This is actually harder than it sounds. Unless you are writing about a sociopath (contrary to what you see on TV – there really isn’t one living on every block in America) your ‘bad guy’ has to have a reasonable explanation for doing something unreasonable (murder or another felony). Normal people just don’t kill (or rob or burn buildings down). So if you are going to have your villain do one of those things (or something similar) you’ve got to create a scenario that is believable. All fiction readers agree to suspend reality to a certain extent – but you’d be surprised how little suspension they will actually give you. So make it realistic. Also, I hate it when I get to the end of a book and the villain is some barely mentioned character that no one would ever suspect. I feel cheated and resentful that I’ve spent so much time reading a book that I had no chance of figuring out. So if you want me to read your book (and not get mad at you) your villain has to be introduced to the reader in such a way that when they later realize he (she) is the bad guy they aren’t surprised. But the villain can’t be obvious or there is no suspense in your novel. There are several ways to cloak the villain. One is to make them seem suspicious at the beginning and then explain away the suspicion so that the reader forgets about them (or at least about their suspicions). Then when the ‘reveal’ takes place the reader has one of those V-8 hit-themselves-in-the-head moments, thinking ‘Of Course!’. You can also make your villain seem so sweet that no one suspects them or so awful that they look too obvious. You can have multiple villains so that there is no one guilty party. Or you can really have the ‘murder’ explained away at the end so there is no villain. If you use one of these ‘tricks’ you’d better have a really good plot or readers are not going to like it. Or you can let the reader know from the beginning who the villain is and it’s up to the characters in your book to prove it. Another tricky way to introduce a villain is to lead the reader to believe that one person is the villain and one is the victim and in the end reverse the roles. I cannot recommend the book I am about to site because it has objectionable content, but “Gone Girl” by Gillian Flynn is an example of this last technique.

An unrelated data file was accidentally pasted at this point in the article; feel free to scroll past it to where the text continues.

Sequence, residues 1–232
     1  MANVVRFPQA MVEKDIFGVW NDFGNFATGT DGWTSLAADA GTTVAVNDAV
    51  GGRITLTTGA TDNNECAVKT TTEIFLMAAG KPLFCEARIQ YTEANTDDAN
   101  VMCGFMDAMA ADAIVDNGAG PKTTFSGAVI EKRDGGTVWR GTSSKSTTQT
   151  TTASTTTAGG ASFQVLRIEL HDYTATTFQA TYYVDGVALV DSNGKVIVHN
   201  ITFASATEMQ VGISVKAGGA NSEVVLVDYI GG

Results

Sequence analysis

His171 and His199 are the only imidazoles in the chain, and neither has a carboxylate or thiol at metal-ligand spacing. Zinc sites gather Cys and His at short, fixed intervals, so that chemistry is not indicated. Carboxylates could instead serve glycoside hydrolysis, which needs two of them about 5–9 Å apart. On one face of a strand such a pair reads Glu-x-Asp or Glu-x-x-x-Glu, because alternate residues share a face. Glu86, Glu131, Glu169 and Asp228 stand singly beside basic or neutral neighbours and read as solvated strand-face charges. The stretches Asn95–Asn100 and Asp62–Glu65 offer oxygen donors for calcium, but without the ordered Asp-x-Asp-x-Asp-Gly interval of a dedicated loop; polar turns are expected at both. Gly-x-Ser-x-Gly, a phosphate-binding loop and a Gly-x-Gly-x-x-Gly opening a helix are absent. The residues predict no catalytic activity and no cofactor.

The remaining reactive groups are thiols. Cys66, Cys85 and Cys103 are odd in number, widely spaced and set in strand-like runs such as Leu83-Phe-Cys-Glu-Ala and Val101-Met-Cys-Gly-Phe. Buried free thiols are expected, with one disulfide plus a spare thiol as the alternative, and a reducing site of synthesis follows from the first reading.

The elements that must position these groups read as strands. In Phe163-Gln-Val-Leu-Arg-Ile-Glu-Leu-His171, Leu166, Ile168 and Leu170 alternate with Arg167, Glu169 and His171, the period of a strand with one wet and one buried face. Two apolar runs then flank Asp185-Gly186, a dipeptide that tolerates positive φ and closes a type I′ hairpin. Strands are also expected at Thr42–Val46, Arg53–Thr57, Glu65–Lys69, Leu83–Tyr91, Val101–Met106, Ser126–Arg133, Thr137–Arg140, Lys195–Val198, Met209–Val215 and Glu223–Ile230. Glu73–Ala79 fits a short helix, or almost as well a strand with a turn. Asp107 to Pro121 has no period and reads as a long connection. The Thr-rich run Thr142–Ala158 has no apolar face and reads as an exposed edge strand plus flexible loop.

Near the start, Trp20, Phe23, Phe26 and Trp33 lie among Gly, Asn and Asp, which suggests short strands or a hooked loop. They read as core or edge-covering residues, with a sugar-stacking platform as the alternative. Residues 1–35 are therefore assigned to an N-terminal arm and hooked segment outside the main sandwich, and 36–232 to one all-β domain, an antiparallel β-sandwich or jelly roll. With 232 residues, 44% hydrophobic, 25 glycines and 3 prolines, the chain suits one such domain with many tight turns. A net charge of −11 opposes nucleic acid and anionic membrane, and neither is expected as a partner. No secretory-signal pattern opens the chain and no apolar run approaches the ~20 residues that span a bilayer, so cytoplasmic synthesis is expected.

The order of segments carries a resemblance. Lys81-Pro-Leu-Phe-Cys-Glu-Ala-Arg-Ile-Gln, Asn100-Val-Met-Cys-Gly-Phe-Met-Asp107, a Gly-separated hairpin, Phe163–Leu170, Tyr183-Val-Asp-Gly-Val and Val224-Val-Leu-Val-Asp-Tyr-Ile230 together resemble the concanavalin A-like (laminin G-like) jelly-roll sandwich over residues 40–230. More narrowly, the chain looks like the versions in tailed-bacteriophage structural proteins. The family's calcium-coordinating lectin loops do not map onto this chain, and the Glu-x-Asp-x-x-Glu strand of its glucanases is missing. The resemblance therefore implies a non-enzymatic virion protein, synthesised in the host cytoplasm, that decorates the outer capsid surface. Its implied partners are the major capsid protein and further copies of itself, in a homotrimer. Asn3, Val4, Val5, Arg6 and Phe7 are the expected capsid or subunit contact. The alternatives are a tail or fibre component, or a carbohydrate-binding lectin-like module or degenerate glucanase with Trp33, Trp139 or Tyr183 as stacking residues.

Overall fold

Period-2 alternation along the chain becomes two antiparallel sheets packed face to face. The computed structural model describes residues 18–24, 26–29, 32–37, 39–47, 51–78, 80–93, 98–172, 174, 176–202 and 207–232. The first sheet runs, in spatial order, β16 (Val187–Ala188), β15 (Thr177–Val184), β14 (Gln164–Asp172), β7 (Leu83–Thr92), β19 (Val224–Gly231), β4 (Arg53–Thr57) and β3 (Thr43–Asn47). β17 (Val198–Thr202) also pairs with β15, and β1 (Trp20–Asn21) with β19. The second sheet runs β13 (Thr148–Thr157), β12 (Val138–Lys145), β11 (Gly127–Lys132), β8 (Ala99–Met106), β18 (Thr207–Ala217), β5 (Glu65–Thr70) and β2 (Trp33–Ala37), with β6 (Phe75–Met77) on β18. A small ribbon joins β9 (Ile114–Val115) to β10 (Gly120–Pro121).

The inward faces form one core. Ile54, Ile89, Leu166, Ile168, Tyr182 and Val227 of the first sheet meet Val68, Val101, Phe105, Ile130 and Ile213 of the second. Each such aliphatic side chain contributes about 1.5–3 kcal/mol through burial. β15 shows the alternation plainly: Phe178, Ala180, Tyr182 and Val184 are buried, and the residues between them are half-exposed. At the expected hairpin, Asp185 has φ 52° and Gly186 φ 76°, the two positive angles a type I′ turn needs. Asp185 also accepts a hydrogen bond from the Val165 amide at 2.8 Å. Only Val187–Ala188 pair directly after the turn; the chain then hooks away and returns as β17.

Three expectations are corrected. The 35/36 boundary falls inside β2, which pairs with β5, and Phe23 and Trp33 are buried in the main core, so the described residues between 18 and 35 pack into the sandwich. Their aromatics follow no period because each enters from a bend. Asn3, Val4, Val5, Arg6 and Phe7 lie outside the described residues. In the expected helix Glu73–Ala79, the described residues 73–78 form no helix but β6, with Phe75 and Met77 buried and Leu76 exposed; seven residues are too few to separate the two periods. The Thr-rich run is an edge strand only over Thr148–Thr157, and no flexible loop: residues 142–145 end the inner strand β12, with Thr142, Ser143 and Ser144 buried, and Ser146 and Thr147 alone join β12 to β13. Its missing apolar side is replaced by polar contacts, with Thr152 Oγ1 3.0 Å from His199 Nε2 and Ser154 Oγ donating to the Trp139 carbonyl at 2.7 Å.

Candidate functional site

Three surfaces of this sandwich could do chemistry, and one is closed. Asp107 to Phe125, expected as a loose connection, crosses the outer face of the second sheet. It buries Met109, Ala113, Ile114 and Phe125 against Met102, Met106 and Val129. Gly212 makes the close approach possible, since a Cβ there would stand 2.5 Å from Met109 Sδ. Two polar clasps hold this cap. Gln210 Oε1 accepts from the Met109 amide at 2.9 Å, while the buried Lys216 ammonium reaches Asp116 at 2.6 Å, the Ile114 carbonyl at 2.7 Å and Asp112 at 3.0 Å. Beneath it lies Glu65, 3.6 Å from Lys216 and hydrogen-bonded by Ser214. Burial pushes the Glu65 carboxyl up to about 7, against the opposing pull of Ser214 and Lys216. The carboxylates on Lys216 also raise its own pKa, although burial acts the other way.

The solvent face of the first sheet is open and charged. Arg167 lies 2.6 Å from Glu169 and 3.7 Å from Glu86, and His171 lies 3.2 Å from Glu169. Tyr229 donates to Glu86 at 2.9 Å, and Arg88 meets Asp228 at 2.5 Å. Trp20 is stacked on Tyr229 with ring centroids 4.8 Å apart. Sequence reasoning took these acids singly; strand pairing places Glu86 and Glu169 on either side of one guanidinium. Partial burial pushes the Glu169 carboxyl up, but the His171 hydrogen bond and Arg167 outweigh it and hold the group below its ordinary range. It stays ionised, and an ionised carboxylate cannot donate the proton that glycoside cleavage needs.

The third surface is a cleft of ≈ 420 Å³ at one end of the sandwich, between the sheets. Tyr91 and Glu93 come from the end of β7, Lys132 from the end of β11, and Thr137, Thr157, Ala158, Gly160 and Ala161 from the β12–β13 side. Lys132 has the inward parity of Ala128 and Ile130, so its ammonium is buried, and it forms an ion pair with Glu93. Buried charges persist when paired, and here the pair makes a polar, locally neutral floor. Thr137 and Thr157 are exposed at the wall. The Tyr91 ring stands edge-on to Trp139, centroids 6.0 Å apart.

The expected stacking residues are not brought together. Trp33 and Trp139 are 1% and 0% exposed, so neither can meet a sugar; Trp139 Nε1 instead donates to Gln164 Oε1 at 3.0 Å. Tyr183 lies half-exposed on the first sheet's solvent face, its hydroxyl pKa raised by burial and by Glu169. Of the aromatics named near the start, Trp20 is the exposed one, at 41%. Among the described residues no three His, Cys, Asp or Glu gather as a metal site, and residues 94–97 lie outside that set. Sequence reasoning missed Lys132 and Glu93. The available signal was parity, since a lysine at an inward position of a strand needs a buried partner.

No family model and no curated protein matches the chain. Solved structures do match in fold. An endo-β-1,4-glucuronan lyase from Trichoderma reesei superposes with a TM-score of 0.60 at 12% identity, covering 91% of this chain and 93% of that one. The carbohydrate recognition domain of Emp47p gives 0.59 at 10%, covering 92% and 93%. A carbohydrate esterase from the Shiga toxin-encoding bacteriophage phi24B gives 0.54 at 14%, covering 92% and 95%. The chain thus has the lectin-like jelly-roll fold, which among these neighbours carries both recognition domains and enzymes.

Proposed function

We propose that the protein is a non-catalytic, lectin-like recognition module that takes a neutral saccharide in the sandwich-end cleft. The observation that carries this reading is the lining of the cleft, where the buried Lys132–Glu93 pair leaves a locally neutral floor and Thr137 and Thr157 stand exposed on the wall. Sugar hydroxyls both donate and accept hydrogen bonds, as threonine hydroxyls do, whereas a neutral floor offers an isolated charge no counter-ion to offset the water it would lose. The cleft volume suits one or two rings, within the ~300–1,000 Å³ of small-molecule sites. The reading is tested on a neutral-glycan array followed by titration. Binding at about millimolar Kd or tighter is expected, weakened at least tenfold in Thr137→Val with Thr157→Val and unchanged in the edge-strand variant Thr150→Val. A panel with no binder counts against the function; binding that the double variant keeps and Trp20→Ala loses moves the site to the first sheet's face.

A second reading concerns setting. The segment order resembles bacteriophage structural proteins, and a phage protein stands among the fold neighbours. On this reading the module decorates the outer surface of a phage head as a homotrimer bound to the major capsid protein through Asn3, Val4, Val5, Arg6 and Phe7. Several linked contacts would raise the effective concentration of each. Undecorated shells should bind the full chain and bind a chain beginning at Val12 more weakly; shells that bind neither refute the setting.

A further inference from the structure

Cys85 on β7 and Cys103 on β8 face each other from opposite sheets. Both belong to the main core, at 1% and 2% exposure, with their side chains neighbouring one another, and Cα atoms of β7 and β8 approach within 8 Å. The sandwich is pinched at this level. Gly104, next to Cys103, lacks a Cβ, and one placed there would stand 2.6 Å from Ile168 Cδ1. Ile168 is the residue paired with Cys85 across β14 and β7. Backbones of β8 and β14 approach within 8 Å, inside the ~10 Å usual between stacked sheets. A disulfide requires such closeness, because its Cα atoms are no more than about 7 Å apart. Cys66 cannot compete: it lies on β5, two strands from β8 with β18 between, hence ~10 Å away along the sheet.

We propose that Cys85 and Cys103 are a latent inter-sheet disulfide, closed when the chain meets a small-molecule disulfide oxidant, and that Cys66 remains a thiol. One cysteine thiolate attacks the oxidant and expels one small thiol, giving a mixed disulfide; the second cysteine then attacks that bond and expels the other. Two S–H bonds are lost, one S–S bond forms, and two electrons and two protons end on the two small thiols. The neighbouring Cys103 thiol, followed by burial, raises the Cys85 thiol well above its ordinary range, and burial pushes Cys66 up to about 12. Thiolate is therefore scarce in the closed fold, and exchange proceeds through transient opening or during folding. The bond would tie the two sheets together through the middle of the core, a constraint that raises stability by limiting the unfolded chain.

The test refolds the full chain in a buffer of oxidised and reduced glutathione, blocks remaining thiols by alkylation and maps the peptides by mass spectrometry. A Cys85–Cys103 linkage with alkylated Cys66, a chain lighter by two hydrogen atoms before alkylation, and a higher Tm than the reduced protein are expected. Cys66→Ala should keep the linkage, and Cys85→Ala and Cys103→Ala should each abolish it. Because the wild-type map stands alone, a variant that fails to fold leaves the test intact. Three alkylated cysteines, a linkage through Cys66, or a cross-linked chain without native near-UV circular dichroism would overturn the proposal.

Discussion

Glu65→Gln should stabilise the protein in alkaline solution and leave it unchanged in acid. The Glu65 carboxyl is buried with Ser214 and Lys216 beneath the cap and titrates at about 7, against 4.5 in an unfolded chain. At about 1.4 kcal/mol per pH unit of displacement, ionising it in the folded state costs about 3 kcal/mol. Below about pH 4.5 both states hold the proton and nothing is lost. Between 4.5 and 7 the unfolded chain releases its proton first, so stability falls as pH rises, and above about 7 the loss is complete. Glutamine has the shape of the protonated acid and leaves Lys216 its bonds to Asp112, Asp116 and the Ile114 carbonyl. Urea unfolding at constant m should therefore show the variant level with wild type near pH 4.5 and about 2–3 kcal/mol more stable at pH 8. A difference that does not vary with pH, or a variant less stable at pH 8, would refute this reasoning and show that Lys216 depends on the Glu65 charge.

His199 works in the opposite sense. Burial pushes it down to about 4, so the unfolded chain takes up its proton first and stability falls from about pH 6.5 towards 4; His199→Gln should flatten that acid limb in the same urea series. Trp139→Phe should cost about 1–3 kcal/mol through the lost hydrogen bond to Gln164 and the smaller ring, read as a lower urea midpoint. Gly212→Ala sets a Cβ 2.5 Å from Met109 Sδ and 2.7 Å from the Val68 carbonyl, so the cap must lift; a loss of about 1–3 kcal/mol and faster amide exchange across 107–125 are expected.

Recipe of the Week –
Chicken Enchiladas

10 soft taco shells
2 cups cooked, shredded chicken
2 cups shredded Monterey Jack cheese ( I like the Kraft Tex Mex)
3 Tbsp. butter
3 Tbsp. flour
2 cups chicken broth
1 cup sour cream
1 (4 oz) can diced green chillies

Preheat oven to 350 degrees. Grease a 9x13 pan. Mix chicken and 1 cup cheese. Roll up in tortillas and place in pan. In a sauce pan, melt butter, stir in flour and cook 1 minute. Add broth and whisk until smooth. Heat over medium heat until thick. Remove from heat and stir in sour cream and chilies. Pour over enchiladas and top with remaining cheese. Bake 25 min.

September Book Give-Away –
We will draw the winner in the morning to give people a chance to post a comment through tonight. Then tomorrow will start the drawing for the October Thanksgiving Gift Box – which also includes a book!!! So keep commenting! And remember that there is a delay between when you post and when it shows up on my blog – so don’t worry if you don’t see it immediately. If it still doesn’t appear after a day email me at and I’ll enter your name in the drawing.

Monday, September 23, 2013

Planning ahead for Christmas, Kids' Quotes, Book Give-a-way, Recipe

Things to do in November to get ready for Christmas